Baseline and post-intervention means and standard errors for CD4+ T lymphocytes in the 8-week and 1-day MBSR treatment participants (N = 48)
Ancillary analyses using mixed effects linear models explored the role of confounding factors on the time × treatment CD4+ T lymphocyte effect. The inclusion of ARV medication status at baseline and post-intervention (binary variables: on or off ARVs) as covariates did not affect the strength of the time × treatment interaction on CD4+ T lymphocytes (F(1,45) = 5.50, p = .02), indicating that mindfulness meditation training buffers CD4+ T lymphocyte declines in participants both on and off ARV treatment regimens. Additional analyses explored the potential confounding effects of variability in the number of days between the baseline CD4+ T lymphocyte measure and the initiation of the 8-week MBSR class, sexual orientation (0 = heterosexual, 1 = homosexual or bisexual), and participant age in three separate mixed effects linear models. Similar to ARV medication status, the time × treatment interaction on log10CD4+ T lymphocytes remained statistically significant after control for variability in the number of days between the baseline measure and the initiation of the 8-week MBSR class (F(1,45)=5.66, p = .02), sexual orientation (F(1,45)=5.64, p = .02), or participant age (F(1,45) = 5.51, p = .02).
Mediation analyses were consistent with the hypothesis that mindfulness meditation treatment adherence explained the observed time × treatment interaction on log10
CD4+ T lymphocytes. Treatment participants attended 12.5 (SD = 7.6) class hours in the 8-week MBSR program and 6 (SD = 0) class hours in the 1-day education control. As shown in , a series of mixed effects linear models assessed statistical mediation (Baron and Kenny, 1986
). In a model with the treatment sample (N
= 48) where class attendance and the time £ treatment interaction were entered simultaneously, MBSR class attendance predicted greater CD4+ T lymphocytes at follow-up (b = .014, t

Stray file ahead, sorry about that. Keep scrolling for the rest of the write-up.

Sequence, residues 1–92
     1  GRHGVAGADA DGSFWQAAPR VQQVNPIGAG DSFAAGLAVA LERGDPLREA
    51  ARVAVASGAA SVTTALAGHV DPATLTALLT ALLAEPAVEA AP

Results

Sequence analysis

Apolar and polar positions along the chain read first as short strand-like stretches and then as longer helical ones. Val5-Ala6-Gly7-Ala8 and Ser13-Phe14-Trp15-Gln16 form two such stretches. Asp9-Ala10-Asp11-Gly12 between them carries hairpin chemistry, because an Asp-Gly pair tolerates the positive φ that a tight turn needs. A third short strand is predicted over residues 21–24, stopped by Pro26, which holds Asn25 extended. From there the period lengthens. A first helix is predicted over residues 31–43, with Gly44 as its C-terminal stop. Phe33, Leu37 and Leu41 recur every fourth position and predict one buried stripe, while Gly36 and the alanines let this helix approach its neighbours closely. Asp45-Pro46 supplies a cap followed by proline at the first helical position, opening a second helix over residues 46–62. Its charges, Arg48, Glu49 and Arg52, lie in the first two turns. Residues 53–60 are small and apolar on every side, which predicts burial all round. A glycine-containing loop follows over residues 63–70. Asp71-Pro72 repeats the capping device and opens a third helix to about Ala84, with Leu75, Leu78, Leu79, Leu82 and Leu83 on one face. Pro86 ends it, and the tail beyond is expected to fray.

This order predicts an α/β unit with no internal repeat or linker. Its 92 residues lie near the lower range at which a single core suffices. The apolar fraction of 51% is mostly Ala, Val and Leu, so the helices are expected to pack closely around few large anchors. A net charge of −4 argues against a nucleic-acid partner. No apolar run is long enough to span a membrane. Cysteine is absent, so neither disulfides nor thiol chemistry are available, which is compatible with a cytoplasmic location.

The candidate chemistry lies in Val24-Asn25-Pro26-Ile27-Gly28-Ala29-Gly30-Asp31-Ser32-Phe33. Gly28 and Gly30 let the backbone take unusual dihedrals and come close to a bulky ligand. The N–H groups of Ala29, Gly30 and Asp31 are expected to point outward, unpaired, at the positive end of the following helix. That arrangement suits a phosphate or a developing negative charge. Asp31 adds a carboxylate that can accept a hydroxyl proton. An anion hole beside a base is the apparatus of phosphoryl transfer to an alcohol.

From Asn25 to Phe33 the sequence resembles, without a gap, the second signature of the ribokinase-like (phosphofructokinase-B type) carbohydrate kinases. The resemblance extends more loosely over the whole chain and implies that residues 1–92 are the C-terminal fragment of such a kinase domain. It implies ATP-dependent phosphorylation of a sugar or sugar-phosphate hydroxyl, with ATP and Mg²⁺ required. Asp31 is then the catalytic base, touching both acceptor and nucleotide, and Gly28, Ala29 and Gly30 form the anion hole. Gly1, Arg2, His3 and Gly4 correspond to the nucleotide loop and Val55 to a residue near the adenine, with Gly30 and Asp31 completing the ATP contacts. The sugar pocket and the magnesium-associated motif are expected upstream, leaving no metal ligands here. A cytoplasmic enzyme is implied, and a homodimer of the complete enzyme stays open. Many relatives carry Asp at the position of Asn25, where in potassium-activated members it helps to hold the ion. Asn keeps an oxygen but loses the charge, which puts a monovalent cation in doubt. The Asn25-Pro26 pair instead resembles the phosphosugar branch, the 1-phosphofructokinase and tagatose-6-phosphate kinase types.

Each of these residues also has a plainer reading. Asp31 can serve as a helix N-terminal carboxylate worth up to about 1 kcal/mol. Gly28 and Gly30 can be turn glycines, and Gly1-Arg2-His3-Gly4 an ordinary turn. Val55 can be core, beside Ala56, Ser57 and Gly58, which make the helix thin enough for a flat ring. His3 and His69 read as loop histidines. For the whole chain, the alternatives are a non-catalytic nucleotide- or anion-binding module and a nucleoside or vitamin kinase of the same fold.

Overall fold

(74) = 2.09, p
= .04), and the path between the time × treatment interaction and log CD4+ T lymphocytes was no longer significant (b
= .06, t
(56) = .56, p
= .58). This finding indicates that the frequency of class attendance could potentially account for as much as 2/3 of the total effect of the experimental conditions on CD4+ T lymphocytes.
Fig. 3 Mediation analyses in the treatment sample (N = 48). MBSR class attendance mediates the time × treatment interaction on log10 CD4+ T lymphocytes. Numbers represent b coefficients, with parentheses representing b coefficients when MBSR treatment (more ...)
As previous findings have found effects of behavioral stress management in reducing HIV RNA levels in participants with detectable levels of HIV RNA at baseline (Antoni et al., 2006
), exploratory analyses examined the effects of mindfulness meditation training on HIV RNA levels in the sub-sample of participants with detectable baseline levels of HIV RNA (N
= 30). No differences in baseline HIV RNA levels were observed between the 8-week MBSR (M
= 46,880 copies/ mL, SD = 12,830) and 1-day control sub-sample (M
= 12,700 copies/ mL, SD = 25,660) participants with detectable levels of HIV RNA (t
(28) = 1.19, p
= .24). Consistent with the limited statistical power available in this small sub-sample, no significant effects were observed on HIV RNA (time × treatment interaction, p